Pre-World War II
Kosaka town was a major industrial center during the Meiji period through the production of silver, copper, iron, and various other ores. During the early 1900′s, Kosaka was the highest producer of silver in Japan and an industrial and technological center during World War II. Due to Kosaka’s mining importance and thriving mining industry, the residents were some of the first in Japan to enjoy the luxuries of electricity and plumbing.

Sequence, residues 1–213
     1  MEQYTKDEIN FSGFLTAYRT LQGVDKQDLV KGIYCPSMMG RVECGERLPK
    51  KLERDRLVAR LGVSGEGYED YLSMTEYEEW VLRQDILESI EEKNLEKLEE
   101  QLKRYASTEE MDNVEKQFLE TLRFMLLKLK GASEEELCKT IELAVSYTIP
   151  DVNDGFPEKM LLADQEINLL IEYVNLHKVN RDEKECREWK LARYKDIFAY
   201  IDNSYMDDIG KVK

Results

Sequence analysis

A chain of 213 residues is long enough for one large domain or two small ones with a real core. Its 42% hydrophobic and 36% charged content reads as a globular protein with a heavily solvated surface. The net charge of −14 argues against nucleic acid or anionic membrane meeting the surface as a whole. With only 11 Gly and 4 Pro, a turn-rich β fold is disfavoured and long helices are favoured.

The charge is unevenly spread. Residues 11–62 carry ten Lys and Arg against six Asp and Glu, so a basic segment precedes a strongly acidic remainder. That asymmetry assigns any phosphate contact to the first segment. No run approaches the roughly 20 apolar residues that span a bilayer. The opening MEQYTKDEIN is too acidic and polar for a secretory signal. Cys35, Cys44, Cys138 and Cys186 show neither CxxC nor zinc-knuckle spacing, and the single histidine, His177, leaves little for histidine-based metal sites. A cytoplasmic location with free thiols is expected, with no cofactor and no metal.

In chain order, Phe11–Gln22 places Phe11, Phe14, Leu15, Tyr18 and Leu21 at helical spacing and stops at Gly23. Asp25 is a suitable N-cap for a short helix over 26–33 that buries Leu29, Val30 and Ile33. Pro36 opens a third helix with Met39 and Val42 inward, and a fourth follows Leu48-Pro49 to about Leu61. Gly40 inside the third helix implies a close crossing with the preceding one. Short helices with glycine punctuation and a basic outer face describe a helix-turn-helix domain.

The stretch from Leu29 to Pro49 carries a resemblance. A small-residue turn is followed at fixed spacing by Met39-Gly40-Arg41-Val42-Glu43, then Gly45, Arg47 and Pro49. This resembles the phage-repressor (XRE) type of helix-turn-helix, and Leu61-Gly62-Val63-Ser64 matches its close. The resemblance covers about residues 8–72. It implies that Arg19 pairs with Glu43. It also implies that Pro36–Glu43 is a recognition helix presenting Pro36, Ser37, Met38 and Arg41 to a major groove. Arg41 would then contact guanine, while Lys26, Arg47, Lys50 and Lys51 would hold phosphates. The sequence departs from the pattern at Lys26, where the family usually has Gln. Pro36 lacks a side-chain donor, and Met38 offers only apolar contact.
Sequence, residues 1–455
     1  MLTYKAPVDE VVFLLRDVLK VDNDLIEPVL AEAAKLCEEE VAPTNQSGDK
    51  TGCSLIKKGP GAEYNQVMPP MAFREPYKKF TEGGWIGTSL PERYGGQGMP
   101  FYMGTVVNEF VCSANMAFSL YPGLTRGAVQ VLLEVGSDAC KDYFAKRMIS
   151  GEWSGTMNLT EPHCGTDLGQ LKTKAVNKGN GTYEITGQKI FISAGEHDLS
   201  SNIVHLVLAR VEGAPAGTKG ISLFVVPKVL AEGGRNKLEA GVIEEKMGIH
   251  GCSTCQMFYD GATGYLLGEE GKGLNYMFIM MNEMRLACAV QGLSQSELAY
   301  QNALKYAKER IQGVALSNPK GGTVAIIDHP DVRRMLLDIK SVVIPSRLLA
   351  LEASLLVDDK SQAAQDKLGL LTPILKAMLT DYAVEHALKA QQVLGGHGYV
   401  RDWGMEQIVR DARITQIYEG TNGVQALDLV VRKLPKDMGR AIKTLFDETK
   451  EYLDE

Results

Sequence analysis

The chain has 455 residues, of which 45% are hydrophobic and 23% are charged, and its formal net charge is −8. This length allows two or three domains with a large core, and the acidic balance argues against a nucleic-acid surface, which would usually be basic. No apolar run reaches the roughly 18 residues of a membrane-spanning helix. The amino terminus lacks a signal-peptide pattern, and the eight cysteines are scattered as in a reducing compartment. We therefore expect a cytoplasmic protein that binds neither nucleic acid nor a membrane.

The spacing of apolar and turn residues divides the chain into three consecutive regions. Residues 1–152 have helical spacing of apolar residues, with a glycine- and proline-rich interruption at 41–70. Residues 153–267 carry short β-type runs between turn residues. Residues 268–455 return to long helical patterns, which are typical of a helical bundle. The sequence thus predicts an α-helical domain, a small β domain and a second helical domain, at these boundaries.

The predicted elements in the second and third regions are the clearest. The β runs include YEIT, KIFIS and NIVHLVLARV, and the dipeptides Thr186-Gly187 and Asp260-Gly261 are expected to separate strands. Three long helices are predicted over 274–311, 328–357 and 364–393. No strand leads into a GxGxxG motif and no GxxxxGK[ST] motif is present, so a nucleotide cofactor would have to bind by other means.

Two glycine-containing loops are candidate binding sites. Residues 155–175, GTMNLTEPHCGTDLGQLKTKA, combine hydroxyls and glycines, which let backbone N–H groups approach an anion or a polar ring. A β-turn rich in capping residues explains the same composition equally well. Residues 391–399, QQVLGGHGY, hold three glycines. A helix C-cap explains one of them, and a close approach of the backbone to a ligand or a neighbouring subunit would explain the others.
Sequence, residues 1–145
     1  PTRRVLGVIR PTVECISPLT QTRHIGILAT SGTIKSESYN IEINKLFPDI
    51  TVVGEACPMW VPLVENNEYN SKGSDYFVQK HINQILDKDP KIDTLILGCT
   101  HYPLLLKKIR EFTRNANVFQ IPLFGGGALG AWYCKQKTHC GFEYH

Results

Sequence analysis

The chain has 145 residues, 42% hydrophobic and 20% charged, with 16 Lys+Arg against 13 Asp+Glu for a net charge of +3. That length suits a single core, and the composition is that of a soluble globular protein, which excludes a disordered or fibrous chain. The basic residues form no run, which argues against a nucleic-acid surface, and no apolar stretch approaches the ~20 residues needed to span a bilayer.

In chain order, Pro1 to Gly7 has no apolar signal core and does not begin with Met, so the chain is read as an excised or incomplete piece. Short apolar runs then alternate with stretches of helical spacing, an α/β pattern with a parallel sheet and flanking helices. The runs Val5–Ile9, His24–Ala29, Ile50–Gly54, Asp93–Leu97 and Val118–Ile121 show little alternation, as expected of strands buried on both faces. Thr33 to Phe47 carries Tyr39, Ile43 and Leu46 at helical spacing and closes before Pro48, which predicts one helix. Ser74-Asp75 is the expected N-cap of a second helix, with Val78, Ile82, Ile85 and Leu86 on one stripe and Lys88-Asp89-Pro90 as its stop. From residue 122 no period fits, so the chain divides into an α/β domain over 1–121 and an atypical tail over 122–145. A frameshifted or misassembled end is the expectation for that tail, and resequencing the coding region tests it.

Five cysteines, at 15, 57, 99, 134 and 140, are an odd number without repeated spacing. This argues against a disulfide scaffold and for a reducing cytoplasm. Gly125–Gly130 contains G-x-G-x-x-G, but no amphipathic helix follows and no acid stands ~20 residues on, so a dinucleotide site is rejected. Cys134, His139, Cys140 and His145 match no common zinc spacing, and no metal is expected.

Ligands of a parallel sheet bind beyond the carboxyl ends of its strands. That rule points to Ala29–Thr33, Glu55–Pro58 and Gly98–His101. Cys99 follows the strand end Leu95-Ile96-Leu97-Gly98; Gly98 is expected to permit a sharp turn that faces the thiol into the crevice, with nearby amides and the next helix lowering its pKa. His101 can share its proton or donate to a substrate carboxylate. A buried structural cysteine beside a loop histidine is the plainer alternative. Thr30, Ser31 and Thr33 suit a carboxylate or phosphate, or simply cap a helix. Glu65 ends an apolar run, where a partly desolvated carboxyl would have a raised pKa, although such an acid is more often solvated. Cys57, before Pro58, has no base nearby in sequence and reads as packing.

Post-World War II
The end of World War II led to a decrease in ore demand; combined with an increase in international trade, Japan’s mining industry went into a recession. Without another industry to fall back on, Kosaka struggled. The ensuing years saw Kosaka’s population decrease by over 50% (Est. 20,000 people in 1940 to est. 7,000 by the year 2000) and the population continues to shrink today. Kosaka’s last mine ceased operation in 1990, which has been converted into a recycling plant.